What’s Mine is Mine

When I left Facebook for the year, I had something I was hoping I’d get finished first. I wanted to log in to my Facebook account, download all my photos and re-host them all, on my own website. I never did get that done and it’s silly, but it irks me. I feel like my photos, my personal history and memories with my friends and girlfriend are being held ransom. “Come back, silly boy, and you can have them,” Facebook rasps.

Even before I’d decided to leave Facebook, I started feeling uncomfortable with the amount of my digital “self” that was hosted on external social networks — networks of which the ambition of the network owners has long outpaced the actual user’s purpose for engaging in the network.

How much of this interface is about what you need?

When venture capital, advertising and growth run the day, the interests of a company providing any product are immediately divided from that product’s users to the interests of those other masters. That’s no easy problem to fix, and I’m not saying we should forego capitalism, because if you push the tin-foil theories in this train of thought that’s where this is headed. I get that. I’m just saying… I want my stuff back.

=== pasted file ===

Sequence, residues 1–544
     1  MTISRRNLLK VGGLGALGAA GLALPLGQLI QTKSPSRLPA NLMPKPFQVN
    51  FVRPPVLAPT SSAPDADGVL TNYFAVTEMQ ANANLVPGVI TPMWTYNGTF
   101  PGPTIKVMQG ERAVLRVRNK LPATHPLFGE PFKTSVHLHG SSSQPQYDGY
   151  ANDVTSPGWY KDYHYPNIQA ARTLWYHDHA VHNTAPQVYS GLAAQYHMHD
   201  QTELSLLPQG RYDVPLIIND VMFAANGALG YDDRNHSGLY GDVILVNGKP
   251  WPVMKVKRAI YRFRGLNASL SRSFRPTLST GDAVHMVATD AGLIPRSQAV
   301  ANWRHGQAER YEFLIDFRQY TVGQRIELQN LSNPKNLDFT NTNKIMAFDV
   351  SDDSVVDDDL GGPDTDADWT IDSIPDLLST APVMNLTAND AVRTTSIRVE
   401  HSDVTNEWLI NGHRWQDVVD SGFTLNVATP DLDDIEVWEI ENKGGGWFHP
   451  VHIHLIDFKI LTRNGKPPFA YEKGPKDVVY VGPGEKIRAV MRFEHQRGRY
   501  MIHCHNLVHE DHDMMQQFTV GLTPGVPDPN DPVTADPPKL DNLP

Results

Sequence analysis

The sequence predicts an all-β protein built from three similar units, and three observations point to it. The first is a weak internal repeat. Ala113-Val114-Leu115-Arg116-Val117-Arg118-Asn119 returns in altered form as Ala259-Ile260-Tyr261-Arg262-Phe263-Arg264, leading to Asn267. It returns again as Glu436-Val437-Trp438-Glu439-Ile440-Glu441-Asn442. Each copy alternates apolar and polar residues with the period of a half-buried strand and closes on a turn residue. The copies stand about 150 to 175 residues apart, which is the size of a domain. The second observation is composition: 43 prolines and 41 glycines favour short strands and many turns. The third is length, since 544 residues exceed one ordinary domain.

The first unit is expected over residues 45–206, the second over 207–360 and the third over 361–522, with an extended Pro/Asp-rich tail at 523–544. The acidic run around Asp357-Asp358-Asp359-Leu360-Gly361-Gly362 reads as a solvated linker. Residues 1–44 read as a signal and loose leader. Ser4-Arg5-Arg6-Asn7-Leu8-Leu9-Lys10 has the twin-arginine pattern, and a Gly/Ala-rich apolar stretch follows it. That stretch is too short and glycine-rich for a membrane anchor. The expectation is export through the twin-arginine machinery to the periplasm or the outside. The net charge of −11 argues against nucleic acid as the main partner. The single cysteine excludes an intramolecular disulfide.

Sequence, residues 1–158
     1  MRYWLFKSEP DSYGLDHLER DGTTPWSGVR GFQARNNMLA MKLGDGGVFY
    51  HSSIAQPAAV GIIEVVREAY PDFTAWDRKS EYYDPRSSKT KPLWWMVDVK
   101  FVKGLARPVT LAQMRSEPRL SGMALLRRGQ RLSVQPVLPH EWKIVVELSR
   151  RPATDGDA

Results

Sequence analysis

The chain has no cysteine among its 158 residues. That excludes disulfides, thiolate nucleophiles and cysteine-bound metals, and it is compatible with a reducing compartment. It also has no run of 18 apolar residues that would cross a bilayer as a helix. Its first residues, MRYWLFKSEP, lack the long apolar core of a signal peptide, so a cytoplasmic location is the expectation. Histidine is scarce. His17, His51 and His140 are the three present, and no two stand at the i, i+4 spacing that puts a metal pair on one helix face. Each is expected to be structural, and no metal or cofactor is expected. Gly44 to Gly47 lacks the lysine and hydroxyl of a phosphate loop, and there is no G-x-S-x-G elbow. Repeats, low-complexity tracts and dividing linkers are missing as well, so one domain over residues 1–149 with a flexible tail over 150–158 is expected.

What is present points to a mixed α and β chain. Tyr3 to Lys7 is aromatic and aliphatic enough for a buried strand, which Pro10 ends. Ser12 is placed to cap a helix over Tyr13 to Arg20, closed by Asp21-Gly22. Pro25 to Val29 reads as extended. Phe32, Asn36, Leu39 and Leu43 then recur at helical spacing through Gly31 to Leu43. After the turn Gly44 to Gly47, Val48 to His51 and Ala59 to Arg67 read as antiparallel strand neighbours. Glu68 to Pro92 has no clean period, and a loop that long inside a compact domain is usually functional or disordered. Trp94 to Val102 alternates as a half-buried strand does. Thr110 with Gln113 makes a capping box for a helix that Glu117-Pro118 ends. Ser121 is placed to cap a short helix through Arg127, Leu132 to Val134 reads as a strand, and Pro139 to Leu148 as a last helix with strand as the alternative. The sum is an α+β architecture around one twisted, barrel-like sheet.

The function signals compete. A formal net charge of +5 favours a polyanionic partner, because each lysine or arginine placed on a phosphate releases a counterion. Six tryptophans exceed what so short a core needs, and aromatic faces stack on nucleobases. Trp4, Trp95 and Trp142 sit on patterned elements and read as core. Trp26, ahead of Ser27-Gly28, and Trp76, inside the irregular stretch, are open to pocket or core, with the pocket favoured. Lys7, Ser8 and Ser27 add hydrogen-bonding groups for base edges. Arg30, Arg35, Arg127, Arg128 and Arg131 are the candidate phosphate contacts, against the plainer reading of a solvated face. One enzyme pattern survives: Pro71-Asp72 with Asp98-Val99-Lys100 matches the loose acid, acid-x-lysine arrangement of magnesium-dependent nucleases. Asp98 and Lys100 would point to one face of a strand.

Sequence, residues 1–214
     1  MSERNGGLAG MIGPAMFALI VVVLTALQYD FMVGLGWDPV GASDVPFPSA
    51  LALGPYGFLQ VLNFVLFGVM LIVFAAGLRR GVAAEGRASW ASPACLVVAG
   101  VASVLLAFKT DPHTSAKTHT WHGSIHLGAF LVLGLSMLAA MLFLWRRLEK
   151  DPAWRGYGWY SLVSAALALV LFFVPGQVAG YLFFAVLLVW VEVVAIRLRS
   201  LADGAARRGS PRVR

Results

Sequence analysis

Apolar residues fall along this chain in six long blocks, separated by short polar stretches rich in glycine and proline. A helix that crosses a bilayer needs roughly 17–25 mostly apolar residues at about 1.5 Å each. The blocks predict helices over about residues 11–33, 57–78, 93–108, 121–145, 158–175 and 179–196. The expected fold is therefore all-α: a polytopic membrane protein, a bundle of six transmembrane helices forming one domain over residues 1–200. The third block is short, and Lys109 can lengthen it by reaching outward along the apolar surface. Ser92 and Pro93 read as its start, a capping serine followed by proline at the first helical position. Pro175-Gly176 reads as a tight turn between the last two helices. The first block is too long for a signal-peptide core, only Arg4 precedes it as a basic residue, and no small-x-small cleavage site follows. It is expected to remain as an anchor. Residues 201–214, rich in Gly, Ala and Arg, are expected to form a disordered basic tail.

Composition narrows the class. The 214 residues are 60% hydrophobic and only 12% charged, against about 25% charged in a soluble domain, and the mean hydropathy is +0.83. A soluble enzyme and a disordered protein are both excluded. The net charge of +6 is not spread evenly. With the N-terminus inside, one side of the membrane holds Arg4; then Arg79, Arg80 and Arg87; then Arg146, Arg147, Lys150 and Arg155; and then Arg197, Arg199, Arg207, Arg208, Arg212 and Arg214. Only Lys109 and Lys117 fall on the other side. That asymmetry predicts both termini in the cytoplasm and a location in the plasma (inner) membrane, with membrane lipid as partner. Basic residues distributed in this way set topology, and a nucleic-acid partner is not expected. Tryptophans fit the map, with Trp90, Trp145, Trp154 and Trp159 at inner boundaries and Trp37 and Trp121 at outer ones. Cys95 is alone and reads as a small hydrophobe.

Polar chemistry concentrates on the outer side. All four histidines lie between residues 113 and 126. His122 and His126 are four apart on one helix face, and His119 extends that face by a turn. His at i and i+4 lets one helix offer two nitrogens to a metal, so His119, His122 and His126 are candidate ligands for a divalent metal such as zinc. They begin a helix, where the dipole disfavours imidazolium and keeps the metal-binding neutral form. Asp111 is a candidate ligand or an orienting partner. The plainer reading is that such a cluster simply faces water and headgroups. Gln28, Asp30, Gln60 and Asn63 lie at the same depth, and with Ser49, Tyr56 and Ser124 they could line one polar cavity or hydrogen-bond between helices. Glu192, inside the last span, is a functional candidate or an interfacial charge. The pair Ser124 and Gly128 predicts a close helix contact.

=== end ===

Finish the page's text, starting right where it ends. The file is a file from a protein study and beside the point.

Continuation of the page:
My family has a box of every report card — damn near every assignment — and every award I ever received from Kindergarten on till college. They have boxes upon boxes of photos. Those little baseball card photos they make for you in Little League. Terrible Kodak throw-away camera photos I’d taken. Old letters. I have a smaller collection of the same. I thought for years how much I’d wanted to take all that and make it digital. Just store it somewhere, online — for the family. But… sorry Facebook. Sorry Instragram. I don’t trust you with it.

What’s mine is mine. I don’t like the idea of doing all the work to host my own history myself, but, frankly, I like less the idea of me giving my life to you, Sir Facebook, as meat for the machine.

I’ll (slowly, no doubt) be adding more-and-more segments of my life and life’s content to my own website to take back what’s mine. When I come up with a better, simpler way for you to do the same, I’ll make sure to tell the story here — and on my site, because let’s be honest, is Medium any different?

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